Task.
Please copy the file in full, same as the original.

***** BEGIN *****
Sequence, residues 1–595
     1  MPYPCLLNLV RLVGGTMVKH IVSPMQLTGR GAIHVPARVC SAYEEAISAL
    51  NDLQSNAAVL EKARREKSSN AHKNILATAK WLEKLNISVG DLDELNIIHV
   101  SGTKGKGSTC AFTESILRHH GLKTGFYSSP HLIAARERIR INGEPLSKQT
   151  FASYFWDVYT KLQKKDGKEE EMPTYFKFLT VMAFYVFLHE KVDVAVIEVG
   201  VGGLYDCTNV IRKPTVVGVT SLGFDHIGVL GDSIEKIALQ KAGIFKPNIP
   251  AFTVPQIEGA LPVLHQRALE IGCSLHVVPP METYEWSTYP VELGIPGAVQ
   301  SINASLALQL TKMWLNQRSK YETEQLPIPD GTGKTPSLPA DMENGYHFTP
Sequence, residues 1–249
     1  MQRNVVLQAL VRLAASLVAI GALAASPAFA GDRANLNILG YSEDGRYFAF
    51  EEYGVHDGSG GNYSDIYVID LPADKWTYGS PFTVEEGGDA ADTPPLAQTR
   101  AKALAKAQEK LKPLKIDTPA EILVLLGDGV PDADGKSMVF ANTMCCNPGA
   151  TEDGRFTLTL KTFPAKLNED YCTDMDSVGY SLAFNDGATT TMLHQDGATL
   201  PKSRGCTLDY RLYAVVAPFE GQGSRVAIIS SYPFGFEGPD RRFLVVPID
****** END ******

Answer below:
Sequence, residues 1–595
     1  MPYPCLLNLV RLVGGTMVKH IVSPMQLTGR GAIHVPARVC SAYEEAISAL
    51  NDLQSNAAVL EKARREKSSN AHKNILATAK WLEKLNISVG DLDELNIIHV
   101  SGTKGKGSTC AFTESILRHH GLKTGFYSSP HLIAARERIR INGEPLSKQT
   151  FASYFWDVYT KLQKKDGKEE EMPTYFKFLT VMAFYVFLHE KVDVAVIEVG
   201  VGGLYDCTNV IRKPTVVGVT SLGFDHIGVL GDSIEKIALQ KAGIFKPNIP
   251  AFTVPQIEGA LPVLHQRALE IGCSLHVVPP METYEWSTYP VELGIPGAVQ
   301  SINASLALQL TKMWLNQRSK YETEQLPIPD GTGKTPSLPA DMENGYHFTP
Sequence, residues 1–249
     1  MQRNVVLQAL VRLAASLVAI GALAASPAFA GDRANLNILG YSEDGRYFAF
    51  EEYGVHDGSG GNYSDIYVID LPADKWTYGS PFTVEEGGDA ADTPPLAQTR
   101  AKALAKAQEK LKPLKIDTPA EILVLLGDGV PDADGKSMVF ANTMCCNPGA
   151  TEDGRFTLTL KTFPAKLNED YCTDMDSVGY SLAFNDGATT TMLHQDGATL
   201  PKSRGCTLDY RLYAVVAPFE GQGSRVAIIS SYPFGFEGPD RRFLVVPID